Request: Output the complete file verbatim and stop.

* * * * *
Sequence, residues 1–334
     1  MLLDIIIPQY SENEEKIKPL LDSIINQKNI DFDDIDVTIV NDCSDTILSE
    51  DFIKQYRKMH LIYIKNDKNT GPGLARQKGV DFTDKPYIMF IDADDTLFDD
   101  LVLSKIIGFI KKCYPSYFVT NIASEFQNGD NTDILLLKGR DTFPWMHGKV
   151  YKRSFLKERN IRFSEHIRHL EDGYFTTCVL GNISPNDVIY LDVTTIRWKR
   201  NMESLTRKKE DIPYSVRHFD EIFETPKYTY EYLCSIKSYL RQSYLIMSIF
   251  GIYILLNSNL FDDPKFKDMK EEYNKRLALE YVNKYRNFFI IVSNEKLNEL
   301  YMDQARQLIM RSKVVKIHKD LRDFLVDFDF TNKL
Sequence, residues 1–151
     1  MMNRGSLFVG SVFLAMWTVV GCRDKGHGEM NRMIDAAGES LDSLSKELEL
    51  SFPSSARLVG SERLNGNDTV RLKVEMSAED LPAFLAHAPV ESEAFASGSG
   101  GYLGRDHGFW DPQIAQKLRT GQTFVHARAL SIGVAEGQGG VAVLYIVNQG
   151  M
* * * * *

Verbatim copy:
Sequence, residues 1–334
     1  MLLDIIIPQY SENEEKIKPL LDSIINQKNI DFDDIDVTIV NDCSDTILSE
    51  DFIKQYRKMH LIYIKNDKNT GPGLARQKGV DFTDKPYIMF IDADDTLFDD
   101  LVLSKIIGFI KKCYPSYFVT NIASEFQNGD NTDILLLKGR DTFPWMHGKV
   151  YKRSFLKERN IRFSEHIRHL EDGYFTTCVL GNISPNDVIY LDVTTIRWKR
   201  NMESLTRKKE DIPYSVRHFD EIFETPKYTY EYLCSIKSYL RQSYLIMSIF
   251  GIYILLNSNL FDDPKFKDMK EEYNKRLALE YVNKYRNFFI IVSNEKLNEL
   301  YMDQARQLIM RSKVVKIHKD LRDFLVDFDF TNKL
Sequence, residues 1–151
     1  MMNRGSLFVG SVFLAMWTVV GCRDKGHGEM NRMIDAAGES LDSLSKELEL
    51  SFPSSARLVG SERLNGNDTV RLKVEMSAED LPAFLAHAPV ESEAFASGSG
   101  GYLGRDHGFW DPQIAQKLRT GQTFVHARAL SIGVAEGQGG VAVLYIVNQG
   151  M